• This paper discusses the regulation of mass metadata surveillance in Europe through the lens of the landmark judgment in which the Court of Justice of the European Union struck down the Data Retention Directive. The controversial directive obliged telecom and Internet access providers in Europe to retain metadata of all their customers for intelligence and law enforcement purposes, for a period of up to two years. In the ruling, the Court declared the directive in violation of the human rights to privacy and data protection. The Court also confirmed that the mere collection of metadata interferes with the human right to privacy. In addition, the Court developed three new criteria for assessing the level of data security required from a human rights perspective: security measures should take into account the risk of unlawful access to data, and the data’s quantity and sensitivity. While organizations that campaigned against the directive have welcomed the ruling, we warn for the risk of proceduralization of mass surveillance law. The Court did not fully condemn mass surveillance that relies on metadata, but left open the possibility of mass surveillance if policymakers lay down sufficient procedural safeguards. Such proceduralization brings systematic risks for human rights. Government agencies, with ample resources, can design complicated systems of procedural oversight for mass surveillance – and claim that mass surveillance is lawful, even if it affects millions of innocent people.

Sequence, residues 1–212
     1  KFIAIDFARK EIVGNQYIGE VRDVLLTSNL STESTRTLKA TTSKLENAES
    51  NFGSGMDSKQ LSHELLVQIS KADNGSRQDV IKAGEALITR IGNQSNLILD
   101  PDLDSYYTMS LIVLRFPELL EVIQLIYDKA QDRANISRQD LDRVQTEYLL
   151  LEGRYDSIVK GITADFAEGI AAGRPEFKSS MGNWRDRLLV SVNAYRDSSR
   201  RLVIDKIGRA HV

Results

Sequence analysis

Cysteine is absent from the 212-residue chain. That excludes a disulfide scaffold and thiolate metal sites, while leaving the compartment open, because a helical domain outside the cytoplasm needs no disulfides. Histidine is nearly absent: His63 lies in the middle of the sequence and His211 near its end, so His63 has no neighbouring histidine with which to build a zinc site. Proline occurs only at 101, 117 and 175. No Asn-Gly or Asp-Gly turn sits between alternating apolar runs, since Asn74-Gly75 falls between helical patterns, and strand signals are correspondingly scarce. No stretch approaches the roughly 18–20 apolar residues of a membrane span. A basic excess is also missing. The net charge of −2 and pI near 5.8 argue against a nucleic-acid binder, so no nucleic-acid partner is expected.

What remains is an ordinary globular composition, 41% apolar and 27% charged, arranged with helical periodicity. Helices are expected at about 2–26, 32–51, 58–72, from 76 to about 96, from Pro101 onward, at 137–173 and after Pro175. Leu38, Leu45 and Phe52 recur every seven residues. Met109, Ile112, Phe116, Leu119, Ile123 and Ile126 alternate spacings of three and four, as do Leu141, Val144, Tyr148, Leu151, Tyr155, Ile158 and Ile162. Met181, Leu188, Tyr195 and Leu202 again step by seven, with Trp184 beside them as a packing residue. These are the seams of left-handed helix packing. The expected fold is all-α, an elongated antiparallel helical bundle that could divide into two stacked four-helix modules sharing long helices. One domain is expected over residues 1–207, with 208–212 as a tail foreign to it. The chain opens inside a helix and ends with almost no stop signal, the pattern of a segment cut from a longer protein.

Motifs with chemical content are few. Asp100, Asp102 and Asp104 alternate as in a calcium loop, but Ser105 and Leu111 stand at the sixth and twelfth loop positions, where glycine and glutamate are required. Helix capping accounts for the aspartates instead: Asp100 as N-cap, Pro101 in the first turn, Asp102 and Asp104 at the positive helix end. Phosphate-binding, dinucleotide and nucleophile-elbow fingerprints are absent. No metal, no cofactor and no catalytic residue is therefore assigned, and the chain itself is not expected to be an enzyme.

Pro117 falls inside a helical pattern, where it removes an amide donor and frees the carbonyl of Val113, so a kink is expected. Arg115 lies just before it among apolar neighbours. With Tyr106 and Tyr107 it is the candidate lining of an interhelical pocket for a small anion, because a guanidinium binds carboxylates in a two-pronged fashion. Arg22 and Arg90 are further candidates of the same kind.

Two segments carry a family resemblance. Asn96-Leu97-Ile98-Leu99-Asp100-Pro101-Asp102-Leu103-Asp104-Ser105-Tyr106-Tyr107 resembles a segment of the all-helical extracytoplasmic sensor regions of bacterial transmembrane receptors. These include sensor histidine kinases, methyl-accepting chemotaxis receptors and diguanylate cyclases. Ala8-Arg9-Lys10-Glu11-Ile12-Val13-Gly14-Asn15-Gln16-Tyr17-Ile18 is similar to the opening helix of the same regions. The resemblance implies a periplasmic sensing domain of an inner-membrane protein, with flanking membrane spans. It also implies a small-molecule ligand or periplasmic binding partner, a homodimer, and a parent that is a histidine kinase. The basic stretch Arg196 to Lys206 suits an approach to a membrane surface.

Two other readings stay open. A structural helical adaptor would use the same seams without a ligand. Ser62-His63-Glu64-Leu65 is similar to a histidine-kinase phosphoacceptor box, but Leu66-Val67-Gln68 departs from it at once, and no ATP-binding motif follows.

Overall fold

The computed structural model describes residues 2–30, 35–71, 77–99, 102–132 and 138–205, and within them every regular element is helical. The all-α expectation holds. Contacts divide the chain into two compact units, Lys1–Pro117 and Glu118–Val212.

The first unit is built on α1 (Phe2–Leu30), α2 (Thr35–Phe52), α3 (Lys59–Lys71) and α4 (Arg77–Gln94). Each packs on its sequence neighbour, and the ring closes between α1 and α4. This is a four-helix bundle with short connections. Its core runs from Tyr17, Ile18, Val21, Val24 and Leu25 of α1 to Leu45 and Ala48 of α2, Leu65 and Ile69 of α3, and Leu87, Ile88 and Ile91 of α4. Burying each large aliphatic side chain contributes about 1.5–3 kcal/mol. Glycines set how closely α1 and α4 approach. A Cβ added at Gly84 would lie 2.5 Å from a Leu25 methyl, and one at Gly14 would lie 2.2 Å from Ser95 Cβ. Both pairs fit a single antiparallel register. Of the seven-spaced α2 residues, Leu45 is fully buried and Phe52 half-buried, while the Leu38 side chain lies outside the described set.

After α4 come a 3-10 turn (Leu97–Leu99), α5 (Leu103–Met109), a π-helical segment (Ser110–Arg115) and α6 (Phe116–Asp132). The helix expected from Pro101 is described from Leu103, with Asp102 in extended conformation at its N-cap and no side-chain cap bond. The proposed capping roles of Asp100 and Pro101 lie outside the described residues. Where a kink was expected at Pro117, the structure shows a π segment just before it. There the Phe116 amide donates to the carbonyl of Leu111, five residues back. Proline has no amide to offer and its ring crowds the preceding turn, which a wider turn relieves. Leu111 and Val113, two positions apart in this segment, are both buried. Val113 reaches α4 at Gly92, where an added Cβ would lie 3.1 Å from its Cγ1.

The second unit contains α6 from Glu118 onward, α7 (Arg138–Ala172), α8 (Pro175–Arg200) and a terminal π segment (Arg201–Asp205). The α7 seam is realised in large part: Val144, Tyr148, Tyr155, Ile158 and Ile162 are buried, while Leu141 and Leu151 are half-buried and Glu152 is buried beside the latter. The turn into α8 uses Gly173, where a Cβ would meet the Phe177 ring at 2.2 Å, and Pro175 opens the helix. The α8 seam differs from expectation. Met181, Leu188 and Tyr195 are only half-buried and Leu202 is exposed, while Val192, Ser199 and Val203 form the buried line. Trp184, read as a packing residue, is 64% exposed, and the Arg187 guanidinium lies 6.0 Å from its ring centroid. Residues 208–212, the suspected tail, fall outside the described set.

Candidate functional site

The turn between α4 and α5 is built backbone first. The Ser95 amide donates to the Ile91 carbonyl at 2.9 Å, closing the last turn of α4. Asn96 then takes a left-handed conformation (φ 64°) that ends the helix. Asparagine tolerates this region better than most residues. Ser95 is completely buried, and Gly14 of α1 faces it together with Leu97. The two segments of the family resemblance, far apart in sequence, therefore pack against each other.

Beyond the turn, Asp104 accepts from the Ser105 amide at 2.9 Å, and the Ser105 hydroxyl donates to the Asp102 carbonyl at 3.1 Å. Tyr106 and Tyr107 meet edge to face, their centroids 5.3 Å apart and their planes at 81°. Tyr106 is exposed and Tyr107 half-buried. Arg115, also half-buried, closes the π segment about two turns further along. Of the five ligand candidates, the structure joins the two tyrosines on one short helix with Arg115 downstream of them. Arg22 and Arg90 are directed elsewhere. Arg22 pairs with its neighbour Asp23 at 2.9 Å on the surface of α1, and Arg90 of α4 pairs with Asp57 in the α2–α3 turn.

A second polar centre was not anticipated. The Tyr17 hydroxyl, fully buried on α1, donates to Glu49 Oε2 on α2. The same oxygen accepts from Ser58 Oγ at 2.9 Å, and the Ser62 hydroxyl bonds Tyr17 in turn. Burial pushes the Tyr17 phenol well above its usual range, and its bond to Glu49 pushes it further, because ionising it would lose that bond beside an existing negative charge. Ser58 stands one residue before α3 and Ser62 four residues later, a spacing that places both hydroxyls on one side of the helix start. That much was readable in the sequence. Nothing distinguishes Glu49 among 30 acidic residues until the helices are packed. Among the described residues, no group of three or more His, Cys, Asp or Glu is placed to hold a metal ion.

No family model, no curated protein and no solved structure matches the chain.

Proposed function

• Comment in Internet Policy Review, 23 October 2015.


  • Positive obligations concerning freedom of expression: mere potential or real power? Dr. T. McGonagle

    Chapter in: Journalism at risk: Threats, challenges and perspectives, O. Andreotti (ed.), Strasbourg: Council of Europe Publishing 2015, p. 9-35.

    This chapter examines how the European Court of Human Rights has identified and developed a range of positive State obligations to secure the right to freedom of expression.  It first briefly examines the theoretical and normative bases for the positive obligations doctrine and then traces its hesitant development in the case-law of the Court. Next, it shows how the Court has slowly become more comfortable with the doctrine and more confident when applying it to cases involving freedom of expression, culminating in its Dink v. Turkey judgment. The driving argument of the chapter is that the positive obligations doctrine has enormous potential for strengthening the right to freedom of expression and that the Court must now tease out its implications in concrete cases in a very scrupulous way, if the doctrine’s full potential is to be realised.